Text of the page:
California’s love is too good

By Dan Martynowicz

I’ve never had a real spring break vacation. At least, not the ones you see on MTV where everyone is topless and drunk on a beach.

For my last semester of college, I decided to throw caution (and all my money) to the wind and spent a week on the beaches of Southern California.

The four days and five nights I spent in Orange County taught me something I never thought possible: There is a place in this world that is too damn perfect. It’s called California, and it’s beautiful in every sense of the word.

If you spent the week at home eating Doritos and watching Laguna Beach re-runs, feel free to live vicariously through me as I explain.

I was 1500 miles from anything familiar and got hopelessly lost three times. I didn’t care in the slightest with palm trees, sand and ocean surrounding me on all sides. There are worse places to get lost than paradise.

People are overly nice in California. It’s really disconcerting to knock a drink out of someone’s hand and watch them apologize to you. No one honks if you cut them off, everyone is talkative and by the end of the trip, we were actively looking for a jerk to bring a little balance. We didn’t find one.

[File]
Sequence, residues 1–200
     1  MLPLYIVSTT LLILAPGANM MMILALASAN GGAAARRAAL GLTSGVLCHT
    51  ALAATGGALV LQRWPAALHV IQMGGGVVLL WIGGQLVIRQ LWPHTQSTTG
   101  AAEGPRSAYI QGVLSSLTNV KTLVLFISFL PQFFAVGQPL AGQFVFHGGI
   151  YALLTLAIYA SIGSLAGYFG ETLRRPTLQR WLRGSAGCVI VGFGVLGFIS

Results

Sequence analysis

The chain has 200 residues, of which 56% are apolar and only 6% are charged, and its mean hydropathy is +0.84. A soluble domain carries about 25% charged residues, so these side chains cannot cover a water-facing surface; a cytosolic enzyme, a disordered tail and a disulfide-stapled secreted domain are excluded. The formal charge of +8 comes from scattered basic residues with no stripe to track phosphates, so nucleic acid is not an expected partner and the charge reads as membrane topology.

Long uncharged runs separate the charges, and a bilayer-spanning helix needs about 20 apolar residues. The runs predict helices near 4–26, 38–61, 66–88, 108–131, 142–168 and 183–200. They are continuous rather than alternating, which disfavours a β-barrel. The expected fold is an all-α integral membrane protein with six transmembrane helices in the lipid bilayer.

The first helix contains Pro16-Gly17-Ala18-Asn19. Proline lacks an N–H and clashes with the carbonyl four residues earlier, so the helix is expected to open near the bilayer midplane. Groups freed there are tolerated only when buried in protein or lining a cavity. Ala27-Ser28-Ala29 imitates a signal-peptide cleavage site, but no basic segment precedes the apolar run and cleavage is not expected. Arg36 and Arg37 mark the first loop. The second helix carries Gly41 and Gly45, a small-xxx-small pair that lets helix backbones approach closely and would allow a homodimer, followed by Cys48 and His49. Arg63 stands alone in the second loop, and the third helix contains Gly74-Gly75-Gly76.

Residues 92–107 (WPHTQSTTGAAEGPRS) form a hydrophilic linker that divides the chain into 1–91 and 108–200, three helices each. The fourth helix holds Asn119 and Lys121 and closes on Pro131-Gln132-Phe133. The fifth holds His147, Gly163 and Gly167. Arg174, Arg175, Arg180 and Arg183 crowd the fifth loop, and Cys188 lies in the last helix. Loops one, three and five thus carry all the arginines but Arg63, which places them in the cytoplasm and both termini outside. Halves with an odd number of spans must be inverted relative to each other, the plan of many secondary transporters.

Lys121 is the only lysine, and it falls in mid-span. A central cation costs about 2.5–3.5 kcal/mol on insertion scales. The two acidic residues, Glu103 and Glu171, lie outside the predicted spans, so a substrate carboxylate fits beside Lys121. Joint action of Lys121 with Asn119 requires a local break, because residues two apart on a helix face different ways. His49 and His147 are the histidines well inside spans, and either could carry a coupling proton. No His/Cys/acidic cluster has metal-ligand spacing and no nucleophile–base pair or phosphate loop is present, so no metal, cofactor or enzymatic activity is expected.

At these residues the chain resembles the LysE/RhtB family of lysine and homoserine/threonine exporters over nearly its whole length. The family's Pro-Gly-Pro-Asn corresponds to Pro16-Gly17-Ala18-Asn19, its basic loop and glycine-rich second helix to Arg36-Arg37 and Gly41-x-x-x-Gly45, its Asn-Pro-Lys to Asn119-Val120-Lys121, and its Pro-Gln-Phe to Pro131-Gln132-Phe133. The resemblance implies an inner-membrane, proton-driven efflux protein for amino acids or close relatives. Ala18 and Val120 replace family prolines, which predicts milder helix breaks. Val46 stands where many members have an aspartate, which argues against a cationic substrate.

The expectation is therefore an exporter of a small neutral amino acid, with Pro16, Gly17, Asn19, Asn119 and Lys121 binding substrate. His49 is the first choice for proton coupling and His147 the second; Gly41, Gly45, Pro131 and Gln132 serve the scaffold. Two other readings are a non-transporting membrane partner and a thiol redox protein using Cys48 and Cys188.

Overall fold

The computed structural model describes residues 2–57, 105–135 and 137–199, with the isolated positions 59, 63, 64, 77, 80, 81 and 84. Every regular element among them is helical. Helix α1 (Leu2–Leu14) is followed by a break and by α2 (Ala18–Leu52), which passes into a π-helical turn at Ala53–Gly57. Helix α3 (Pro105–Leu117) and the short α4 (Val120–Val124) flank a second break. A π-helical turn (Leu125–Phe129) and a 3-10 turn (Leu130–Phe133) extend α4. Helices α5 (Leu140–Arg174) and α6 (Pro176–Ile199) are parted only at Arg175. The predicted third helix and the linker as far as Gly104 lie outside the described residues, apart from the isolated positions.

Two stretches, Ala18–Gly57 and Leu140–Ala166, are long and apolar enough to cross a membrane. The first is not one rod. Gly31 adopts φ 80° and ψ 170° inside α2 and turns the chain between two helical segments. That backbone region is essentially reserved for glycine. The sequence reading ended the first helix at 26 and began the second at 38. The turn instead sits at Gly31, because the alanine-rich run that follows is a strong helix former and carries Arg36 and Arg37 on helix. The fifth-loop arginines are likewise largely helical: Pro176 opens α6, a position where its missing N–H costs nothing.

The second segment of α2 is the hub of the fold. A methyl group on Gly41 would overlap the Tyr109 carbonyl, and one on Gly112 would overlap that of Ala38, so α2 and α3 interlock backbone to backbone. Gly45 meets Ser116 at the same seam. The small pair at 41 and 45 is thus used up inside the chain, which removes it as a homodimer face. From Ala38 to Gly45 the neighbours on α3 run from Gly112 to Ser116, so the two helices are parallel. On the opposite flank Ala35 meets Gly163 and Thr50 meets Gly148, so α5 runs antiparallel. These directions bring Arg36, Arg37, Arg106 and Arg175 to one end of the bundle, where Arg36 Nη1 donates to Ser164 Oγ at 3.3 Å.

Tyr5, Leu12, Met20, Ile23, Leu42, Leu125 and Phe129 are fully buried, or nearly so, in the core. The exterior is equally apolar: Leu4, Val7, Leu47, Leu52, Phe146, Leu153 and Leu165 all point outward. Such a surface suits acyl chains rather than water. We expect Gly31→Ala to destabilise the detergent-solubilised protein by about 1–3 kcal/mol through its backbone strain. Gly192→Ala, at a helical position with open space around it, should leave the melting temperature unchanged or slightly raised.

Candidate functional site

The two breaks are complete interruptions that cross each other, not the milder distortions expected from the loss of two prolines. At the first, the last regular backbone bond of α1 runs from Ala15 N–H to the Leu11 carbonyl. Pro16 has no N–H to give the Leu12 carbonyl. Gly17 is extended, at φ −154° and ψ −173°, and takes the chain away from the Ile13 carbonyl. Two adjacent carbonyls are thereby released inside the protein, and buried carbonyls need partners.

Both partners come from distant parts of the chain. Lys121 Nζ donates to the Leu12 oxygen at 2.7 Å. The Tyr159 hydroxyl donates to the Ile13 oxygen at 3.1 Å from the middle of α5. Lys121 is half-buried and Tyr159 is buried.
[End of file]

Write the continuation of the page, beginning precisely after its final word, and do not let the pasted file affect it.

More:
The food was amazing, and the portions were huge. I’ve never had fresher meals, and the best hamburger I’ve ever eaten came from a place called Bomburger in Huntington Beach. It cost $5.

Making new friends was easy. I met some Australian college students on the first day. They called women “Sheilas” and beer cans “Tinnies.” As the sun was setting we drank rum on the beach and played football. Australians throw surprisingly tight spirals.

It was an incredible trip, but the best thing about California is also the worst thing.

You see, the better things got while in So-Cal the more I missed Chicago. It didn’t make sense at the time, but now that I’ve had a few days I think it was for a very simple reason. It wasn’t home. I missed my friends and family, I missed my dog and my truck. I missed knowing exactly where I was and where I was going. I missed having a deadline and responsibilities and people counting on me to get things done.

So on the last day, I walked barefoot to the Pacific Ocean to watch the sunset.

“You’re beautiful,” I said, “But I have to go.” As I turned to leave, a warm ocean breeze touched my neck. I smiled and went back home.